April 22, 2012

We Are the Earth

The mantra "Earth Day Everyday" has rung clear as a bell in my head ever since I first started celebrating the holiday as a youth, probably in high school, possibly earlier. I've been an environmentalist so long that when my art therapist asked me to picture an image of "my authentic self" for a self-reflective assignment, I couldn't come up with anything other than visual images of nature. One, two, three, four days later, and I still can't come up with anything other than rainbow colors, rivers, forests, a crescent moon, silhouetted mountains.

But is it because I am an environmentalist (which term I once loathed to admit publicly for all the negative press the term has gotten over the years, but now embrace wholeheartedly with pride) or is it because, at heart, we really are inseparable from the Earth that sustains us? This is not a philosophical question I'm asking. I really do think that the reason why "Earth Day Everyday" is so hard for some folks to adopt is because little by little, our human community has grown further and further from awareness of its roots as utterly, inextricably, and incredibly dependent on the Earth's ecosystems that sustain it.

Granted, not every society or individual has that same level of detachment from Pachamama. Thank goodness, otherwise we would not have so much indigenous wisdom to drawn on as we try to right our often erroneous path with regard to how to best tread on this planet. Thank Goddess for invisibly steering the hand of passionate scientists who decode the inherent wisdom of Earth systems and sustainable technologies that may allow us humans to inhabit the third rock from the sun for a more peaceful and prolonged period of time.

Even though it's Earth Day everyday at our house, I'm not bragging because I know I could always do more. I know I have way too big of an ecological footprint than I could have (we obviously don't have 2.19 Earths, my score), and that I make way too many excuses for not doing things as ecologically as I could. That might be an intimidating statement for someone who doesn't do the type of things that we do here on a daily basis, like buy organic, use cloth diapers, irrigate our fruit trees with greywater (used washwater), collect rainwater, feed kitchen scraps to our chickens and collect our own eggs, plant native cacti, make my own herbal remedies, and recycle practically all our solid waste.

Despite doing all of the above things, we're still "on the grid" in that we use gas, electricity, city water, buy produce that probably was farmed with sludge or sprayed with pesticides. We drive an old truck that burns good old-fashioned gasoline, and don't ever walk or bike to the grocery store (I claim only partial responsibility for that—the local roads are way too dangerous for us to currently consider it an option). Okay, so I need to get more involved in local Queretaro politics...umm, sure. I'll get right on that tomorrow.

But this guilt is not stemming from a desire to want to "keep up with the Joneses." Rather, it's a frustration that there's aspects of our lifestyle that I'd green over in a heartbeat. If only the government would do their part and put in bike lanes. If only organic food and solar panels were less expensive. If only biodiesel was more popular here. If only, if only, if only. So I do what I can, and change the things I have control over. I'm working on it, and I assuage my guilt by knowing that's better than many.  I also avail myself of inspiring ideas on how to do what we're doing better, like those being carried out at my former coworkers and good friends at Ampersand Sustainable Learning Center in New Mexico (hi Amanda & Andy! You're my EDED heroes!).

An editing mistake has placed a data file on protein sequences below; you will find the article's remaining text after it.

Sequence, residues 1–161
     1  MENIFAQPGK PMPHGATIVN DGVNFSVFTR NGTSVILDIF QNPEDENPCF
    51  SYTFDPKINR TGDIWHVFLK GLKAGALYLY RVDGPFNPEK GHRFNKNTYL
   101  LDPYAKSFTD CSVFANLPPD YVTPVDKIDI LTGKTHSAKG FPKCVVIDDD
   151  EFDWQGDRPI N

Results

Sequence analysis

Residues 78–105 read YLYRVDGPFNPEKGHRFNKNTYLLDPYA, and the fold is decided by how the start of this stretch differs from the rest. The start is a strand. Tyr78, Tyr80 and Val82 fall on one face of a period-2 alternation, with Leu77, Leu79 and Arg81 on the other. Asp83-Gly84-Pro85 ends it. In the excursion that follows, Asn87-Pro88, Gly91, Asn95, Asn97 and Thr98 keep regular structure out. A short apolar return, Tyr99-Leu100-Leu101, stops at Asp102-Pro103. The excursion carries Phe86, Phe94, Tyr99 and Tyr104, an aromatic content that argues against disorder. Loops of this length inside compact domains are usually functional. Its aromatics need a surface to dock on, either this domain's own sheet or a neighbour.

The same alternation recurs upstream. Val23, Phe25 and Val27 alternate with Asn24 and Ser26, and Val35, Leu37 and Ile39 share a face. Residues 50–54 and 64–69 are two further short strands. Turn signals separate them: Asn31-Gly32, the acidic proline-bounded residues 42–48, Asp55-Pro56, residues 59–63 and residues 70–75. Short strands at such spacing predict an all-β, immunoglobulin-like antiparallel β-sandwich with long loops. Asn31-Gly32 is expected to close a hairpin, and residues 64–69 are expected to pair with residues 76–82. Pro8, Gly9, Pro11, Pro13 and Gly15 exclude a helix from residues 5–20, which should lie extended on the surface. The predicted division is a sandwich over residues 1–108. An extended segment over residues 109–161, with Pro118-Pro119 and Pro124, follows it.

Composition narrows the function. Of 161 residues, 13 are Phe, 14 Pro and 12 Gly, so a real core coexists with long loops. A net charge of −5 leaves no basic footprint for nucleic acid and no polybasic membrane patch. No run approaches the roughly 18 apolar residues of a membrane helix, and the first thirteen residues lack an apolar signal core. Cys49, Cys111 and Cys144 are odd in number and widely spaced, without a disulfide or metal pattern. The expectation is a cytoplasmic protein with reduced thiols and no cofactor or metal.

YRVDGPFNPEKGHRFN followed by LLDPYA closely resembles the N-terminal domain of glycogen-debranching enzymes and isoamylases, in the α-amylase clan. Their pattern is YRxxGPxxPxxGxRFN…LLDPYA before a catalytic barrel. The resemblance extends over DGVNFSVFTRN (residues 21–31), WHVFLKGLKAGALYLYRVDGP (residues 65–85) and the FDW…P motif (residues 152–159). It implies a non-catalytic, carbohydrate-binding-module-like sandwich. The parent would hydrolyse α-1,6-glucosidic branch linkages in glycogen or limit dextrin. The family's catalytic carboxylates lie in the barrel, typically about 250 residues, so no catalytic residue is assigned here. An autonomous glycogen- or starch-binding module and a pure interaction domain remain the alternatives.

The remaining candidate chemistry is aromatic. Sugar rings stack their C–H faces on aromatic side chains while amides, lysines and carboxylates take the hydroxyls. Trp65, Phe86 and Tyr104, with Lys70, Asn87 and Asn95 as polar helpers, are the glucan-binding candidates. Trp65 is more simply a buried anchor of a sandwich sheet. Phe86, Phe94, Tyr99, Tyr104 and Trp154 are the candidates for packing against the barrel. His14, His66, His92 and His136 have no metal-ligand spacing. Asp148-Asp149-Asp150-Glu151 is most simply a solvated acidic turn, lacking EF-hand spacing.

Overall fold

One thing I decide I can do in addition to greening my own lifestyle is help inform others how they too can tread more lightly on the planet. That's how I became an educator actually. I think people would be surprised to find out, especially now compared to 20 or even 10 years ago (shocked I can say that with authority), that greening their daily lifestyle is a lot easier than they might think. It isn't actually that much more expensive, especially if you're into D-I-Y. And even when small things are a little more pricey, like food, just think of the words of Birke Baehr "Either pay the farmer, or pay the hospital." I love that an 11-year old could re-inspire curmudgeonly old me.

Which is why today, on "Earth Day," I permitted myself to feel proud of the little things we do every day. Sometimes they're annoying (dealing with chickens), inconvenient (turning a subterranean valve covered with cobwebs to direct our greywater to the right fruit trees), expensive (organic dairy products), or just plain gross (rinsing cloth diapers). I don't do these things to feel good about myself—I do them for the rest of the Earth's inhabitants, like wildlife, and also, for our children, and their children, to be a model for those who might also decide it's time to start giving the Earth the due respect she deserves.

p.s. I forgot to mention that I actually did do something special just for Earth Day, which was plant a pine tree outside our house, who along with a banana tree and a few other ornamentals, will soon receive rinsewater from the kitchen sink. Even though digging the hole wore me out, I just think of how beautiful that tree will be 10 years from now. But wait a second, does that mean I could see myself here in ten years? Hmmm....

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